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Cities and towns are just saying no

New Jersey and Maine are hitting some turbulence as the cannabis industry preps for adult-use sales, showing that legalization is just one hurdle among many for new markets.

Garden State real estate

In New Jersey, cannabis businesses are grappling with low inventory and sky-high prices in the search for commercial real estate, according to Marijuana Business Daily. The state is prepping for adult-use sales to start by February of 2022, with projected revenues estimated at more than $2 billion within four years.

“There certainly is a cannabis markup, as soon as the property owner realizes that it’s going to be a potential cannabis use,” said Rob DiPisa, co-chair of the marijuana law group at Cole Schotz.

More problems in Maine

Things are arguably even more difficult in Maine, where more than 90% of municipalities still don’t allow any adult-use cannabis stores to open. Of the state’s 500 or so towns, just 47 have greenlit cannabis stores since going legal last October, reports Maine Public — leaving approximately 71% of the state’s population without a store nearby.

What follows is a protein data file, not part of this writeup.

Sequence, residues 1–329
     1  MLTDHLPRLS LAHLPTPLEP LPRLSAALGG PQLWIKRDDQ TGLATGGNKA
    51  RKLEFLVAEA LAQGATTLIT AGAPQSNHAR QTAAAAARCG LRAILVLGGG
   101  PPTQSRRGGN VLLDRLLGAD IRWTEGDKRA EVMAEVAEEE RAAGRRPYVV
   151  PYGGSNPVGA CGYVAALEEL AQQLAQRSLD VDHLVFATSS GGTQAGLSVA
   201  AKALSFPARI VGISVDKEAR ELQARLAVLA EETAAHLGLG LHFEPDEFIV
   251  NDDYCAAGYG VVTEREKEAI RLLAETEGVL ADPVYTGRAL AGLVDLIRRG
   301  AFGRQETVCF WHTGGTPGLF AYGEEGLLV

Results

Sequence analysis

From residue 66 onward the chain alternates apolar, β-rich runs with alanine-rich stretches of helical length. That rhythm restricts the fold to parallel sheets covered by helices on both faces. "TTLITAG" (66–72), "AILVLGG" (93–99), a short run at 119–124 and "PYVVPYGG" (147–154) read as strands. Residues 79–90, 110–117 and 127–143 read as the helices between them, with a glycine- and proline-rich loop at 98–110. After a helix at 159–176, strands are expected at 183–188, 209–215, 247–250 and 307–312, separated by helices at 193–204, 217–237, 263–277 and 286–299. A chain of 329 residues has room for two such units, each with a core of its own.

But legalization passed narrowly in the state, with some areas voting against it due to associating it with other drugs like opioids and methamphetamine. But members of the industry are optimistic that more areas will eventually welcome stores.

“It takes time for stigma to change, and it takes time for operators to jump in and participate in the market,” said Joel Pepin, president of the Maine Cannabis Industry Association. “But I mean, the market’s been launched now for a year and it seems to have already made a tremendous amount of progress.”

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